The Pink Asparagus of Mezzago
Neither white nor green, the pink colour of this Asparagus makes it cream of the crop.
The Pink Asparagus of Mezzago, Lombardy
In Mezzago, a small town near Monza e Brianza, there is cultivated a kind of asparagus that is pink from the tip to the first 3 or 4cm and the rest white. While there exists many varieties of asparagus, this unique pink colouring is the combined result of two factors. First is the natural conditions of the soil in which it is grown, which has a high concentration of iron mineral. The other is the cultivation method itself outlined below. Since May 1959, there has been an annual festival held to promote and celebrate this unique pink asparagus.
The cultivation and harvesting of pink asparagus
The cultivation cycle of the pink asparagus begins in January with the clearing of the vegetation of the previous year. In February the soil is overturned for airing and then smoothed, before being packed with fertiliser. In May, once shoots begin to appear in the soil, 30cm long “baulatura” (trenches) are dug into which the asparagus is planted. In order to prevent the growth of weeds without the use of fertiliser, the trenches are then lined with long, black plastic sheets. Through the covering and removal of these black sheets, it is possible to regulate the amount of direct sunlight the asparagus receives, and this contributes to the famous pink colour.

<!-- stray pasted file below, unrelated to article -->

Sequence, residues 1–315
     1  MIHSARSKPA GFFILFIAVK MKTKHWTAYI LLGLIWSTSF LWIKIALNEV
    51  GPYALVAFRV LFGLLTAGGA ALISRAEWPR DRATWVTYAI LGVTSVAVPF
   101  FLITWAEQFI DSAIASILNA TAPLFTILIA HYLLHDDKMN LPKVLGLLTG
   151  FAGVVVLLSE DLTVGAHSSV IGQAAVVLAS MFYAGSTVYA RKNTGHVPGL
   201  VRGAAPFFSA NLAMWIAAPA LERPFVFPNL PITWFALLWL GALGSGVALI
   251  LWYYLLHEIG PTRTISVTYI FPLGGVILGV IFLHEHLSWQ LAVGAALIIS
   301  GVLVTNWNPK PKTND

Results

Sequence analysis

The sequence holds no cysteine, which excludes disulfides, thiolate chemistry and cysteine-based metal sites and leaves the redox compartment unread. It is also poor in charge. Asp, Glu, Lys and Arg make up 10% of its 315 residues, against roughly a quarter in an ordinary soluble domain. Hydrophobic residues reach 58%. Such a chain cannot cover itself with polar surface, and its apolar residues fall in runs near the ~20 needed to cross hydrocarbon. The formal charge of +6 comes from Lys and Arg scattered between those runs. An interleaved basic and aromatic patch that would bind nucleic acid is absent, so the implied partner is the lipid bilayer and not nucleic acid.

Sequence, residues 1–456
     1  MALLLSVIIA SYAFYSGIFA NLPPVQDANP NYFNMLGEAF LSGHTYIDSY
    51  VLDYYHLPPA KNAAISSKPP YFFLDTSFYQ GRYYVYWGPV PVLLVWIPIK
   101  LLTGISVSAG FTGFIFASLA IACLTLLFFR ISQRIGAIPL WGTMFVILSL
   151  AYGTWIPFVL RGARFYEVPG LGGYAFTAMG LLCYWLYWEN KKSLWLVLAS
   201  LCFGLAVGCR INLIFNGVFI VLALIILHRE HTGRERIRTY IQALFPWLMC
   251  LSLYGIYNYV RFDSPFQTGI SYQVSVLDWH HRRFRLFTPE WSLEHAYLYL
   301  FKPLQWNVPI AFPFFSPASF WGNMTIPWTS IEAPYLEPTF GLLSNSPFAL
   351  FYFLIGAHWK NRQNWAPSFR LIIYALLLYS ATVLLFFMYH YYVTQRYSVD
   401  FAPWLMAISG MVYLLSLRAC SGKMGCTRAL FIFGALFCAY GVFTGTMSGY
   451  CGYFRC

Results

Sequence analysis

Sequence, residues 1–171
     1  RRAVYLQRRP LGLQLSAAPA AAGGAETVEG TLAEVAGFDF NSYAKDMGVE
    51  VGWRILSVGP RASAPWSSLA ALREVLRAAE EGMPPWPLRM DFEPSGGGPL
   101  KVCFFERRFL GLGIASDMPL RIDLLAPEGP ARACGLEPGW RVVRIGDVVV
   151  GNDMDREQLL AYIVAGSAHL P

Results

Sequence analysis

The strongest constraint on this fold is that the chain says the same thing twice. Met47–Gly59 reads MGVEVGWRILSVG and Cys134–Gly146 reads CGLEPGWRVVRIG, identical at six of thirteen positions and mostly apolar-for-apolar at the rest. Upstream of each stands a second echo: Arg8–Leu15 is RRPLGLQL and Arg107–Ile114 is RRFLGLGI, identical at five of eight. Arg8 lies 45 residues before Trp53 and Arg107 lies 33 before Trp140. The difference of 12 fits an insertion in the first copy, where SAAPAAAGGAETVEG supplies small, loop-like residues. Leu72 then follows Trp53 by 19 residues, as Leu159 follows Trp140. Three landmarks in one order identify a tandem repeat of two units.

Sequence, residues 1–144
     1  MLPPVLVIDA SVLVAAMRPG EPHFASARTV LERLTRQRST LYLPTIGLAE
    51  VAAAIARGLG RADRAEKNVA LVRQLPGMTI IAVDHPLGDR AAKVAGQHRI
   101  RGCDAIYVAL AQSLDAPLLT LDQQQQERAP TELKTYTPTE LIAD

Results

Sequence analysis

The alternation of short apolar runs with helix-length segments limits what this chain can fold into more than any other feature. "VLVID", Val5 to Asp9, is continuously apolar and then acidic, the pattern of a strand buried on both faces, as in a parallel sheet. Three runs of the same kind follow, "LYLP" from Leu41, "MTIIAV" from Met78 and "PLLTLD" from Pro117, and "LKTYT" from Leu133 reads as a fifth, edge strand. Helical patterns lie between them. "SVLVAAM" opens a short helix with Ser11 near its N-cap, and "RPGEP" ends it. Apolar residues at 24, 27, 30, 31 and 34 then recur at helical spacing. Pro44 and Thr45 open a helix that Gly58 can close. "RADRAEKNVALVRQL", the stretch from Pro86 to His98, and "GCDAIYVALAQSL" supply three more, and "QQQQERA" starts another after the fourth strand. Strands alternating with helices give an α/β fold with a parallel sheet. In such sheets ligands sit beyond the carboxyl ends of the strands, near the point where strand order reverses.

The connection and protection of the Mezzago Asparagus
It is not uncommon to see green and white asparagus in any market in Italy. Green asparagus is slim and slender with a slight bitterness. It is grown throughout Italy, and is the result of harvesting the parts of the asparagus which protrude from the earth. White asparagus is produced mainly in the northern areas of Italy, like Bologna and Friuli-Venezia Giulia. It is relatively thicker than its green counterparts with a delicate flavour. They are cultivated below the earth to ensure they are untouched by sunlight, which prevents the production of chlorophyll in the chloroplast cells, which are the cause of asparagus turning green. Mezzago asparagus stands uniquely apart from both of these types and was granted municipal denomination of origin (De.CO) in 2004 after a proposal by journalist Luigi Veronelli, citing the asparagus’ long-standing history that tied it to the local area.
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